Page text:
Duplicate / unclear study identification

One study which was included by Rosen but not by Baxi [63] may have been identified and excluded prior to reading the full-text article, but it is unclear (Personal correspondence, Baxi, July 31, 2014).

Another study was included in both reviews, but based on two different reports [34, 35]. Baxi included a conference report [34] which Rosen did not locate, as she did not search grey literature sources. Rosen included a published paper [35] which was not identified by Baxi because she did not search PUBMED, and at the time of search the paper was available on PUBMED but not on MEDLINE.

Summary of reasons for omissions

We found that omissions were attributable to: review scope (9 studies, 26 %) [40, 4244, 46, 47, 56, 64, 70], outcomes of interest not measured (8 studies, 23 %) [38, 41, 45, 50, 54, 58, 59, 68], exclusion of reports with inadequate reporting (6 studies, 17 %) [39, 48, 51, 52, 61, 69], mixed or unclear reasons (3 studies, 8 %) [60, 63, 66], search strategies concerning filters, tagging, and keywords (3 studies, 8 %) [55, 57, 65], search strategies regarding sources: PUBMED not searched (2 studies, 6 %) [49, 62]; discordant interpretation of same eligibility criteria (2 studies, 6 %) [37, 53]; and non-identification due to non-specific study topic. (2 studies, 6 %) [36, 67].

Comparison of the two reviews

  1. a.

    Data synthesis

Data were synthesized differently in the two reviews. Baxi used a narrative approach to synthesizing the reviews, noting that this was because of heterogeneity of methodologies and outcome measures; she used the “head-counting” [72] approach to determining how many studies showed statistically significant results. Rosen took a meta-analytic approach. She used the random effects model due to heterogeneity between studies, and standardization to overcome the problem of heterogeneity between outcome measures. Using a narrative approach, as was done by Baxi, and using random effects models, as was done by Rosen, are both considered reasonable solutions to the problem of heterogeneity [73].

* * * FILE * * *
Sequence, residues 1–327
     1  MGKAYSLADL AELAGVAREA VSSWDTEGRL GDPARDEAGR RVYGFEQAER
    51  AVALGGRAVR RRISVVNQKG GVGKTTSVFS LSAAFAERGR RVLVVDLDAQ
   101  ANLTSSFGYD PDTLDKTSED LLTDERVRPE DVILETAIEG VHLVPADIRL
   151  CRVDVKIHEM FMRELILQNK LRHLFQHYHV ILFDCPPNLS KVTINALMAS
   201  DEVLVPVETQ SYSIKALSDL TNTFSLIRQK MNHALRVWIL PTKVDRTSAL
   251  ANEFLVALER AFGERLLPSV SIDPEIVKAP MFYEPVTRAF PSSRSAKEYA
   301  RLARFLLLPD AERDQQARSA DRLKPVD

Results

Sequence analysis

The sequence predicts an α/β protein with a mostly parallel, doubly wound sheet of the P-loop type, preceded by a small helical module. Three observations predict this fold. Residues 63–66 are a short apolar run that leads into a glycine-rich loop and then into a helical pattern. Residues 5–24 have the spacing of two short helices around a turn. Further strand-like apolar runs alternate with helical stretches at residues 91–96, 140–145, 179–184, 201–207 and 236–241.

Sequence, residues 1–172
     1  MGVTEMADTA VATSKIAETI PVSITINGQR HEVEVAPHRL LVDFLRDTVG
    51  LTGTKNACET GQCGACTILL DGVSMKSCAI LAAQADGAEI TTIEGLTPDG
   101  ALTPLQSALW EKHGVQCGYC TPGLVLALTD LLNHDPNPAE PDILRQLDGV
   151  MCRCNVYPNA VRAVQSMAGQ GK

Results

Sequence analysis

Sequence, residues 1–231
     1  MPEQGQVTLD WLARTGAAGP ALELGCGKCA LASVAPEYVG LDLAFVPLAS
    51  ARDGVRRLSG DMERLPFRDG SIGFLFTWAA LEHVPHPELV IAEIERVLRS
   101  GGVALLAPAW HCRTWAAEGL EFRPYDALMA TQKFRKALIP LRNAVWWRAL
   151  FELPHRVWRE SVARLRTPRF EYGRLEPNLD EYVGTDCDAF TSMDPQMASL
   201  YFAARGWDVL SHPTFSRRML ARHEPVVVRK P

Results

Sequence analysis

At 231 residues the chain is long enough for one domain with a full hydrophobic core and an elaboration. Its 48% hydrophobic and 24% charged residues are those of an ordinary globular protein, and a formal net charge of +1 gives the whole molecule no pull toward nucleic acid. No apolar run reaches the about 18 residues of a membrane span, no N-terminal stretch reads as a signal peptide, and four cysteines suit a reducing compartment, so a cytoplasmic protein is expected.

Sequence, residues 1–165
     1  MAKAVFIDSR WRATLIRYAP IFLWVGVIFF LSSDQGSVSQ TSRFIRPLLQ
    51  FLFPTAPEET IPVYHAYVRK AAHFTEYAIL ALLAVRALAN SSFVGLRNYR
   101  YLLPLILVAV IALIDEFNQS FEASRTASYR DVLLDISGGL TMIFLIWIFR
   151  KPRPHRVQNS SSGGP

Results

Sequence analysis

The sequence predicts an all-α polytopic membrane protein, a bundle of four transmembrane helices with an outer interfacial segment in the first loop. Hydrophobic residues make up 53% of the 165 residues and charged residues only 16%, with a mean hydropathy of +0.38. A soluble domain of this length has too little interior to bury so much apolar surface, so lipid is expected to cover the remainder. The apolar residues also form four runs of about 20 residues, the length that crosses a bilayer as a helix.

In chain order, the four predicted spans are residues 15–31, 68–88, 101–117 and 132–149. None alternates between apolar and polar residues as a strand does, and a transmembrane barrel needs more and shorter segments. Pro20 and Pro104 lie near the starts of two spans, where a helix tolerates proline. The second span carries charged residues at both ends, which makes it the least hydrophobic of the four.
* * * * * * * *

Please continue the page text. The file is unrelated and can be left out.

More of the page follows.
1. b.

    Assessment of quality using AMSTAR

The AMSTAR [7, 73] checklist was used to assess quality of the two SRs. Baxi’s review received a perfect score (11/11). Rosen received a score of 9/11. She lost one point because she did not have a published protocol and one point because she did not search the grey literature.

  1. c.

    Comparisons of key results and conclusions

Review conclusions differed for both primary and subgroup analyses.

Primary analysis

Baxi: The Results Section of the Abstract reported that “In only 14 of the 57 studies was there a statistically significant intervention effect for child ETS exposure.” In the Authors’ Conclusions Section of the Plain Language Summary, Baxi interpreted this and her other statements to mean that “Although several interventions …. have been used to try to reduce children’s tobacco smoke exposure, their effectiveness has not been clearly demonstrated.”

Rosen: Rosen’s results showed that interventions demonstrated some benefit to intervention participants at follow-up for parentally-reported exposure or protection (PREP outcome) (relative risk 1.12, p < .0001) and number of cigarettes smoked around children by parents at follow-up (P = .03). There was a non-significant trend towards benefit to interventions as measured by biomarkers ((RD 20.05, CI 20.13 to 0.03, P = .20). The summary statement in the Conclusions section of the abstract stated: “Interventions to prevent child TSE are moderately beneficial at the individual level.”

Using Moja’s [16] approach for discordant findings, Rosen’s review could be classified as “efficacious” because there was a statistically significant benefit to the intervention groups when using the parentally-reported measures, or as “mixed” as biochemical measures did not show a statistically significant effect.

The two SRs would probably be considered discordant by Moja’s criteria.

Subgroup analysis

Baxi: Baxi found that “The review was unable to determine if any one intervention reduced parental smoking and child exposure more effectively than others, although seven studies were identified that reported intensive counselling or motivational interviewing provided in clinical settings was effective.” In the Conclusions Section of the text, she stated that “no intervention or setting was clearly more efficacious, and that intensive interventions for parents showed limited success.”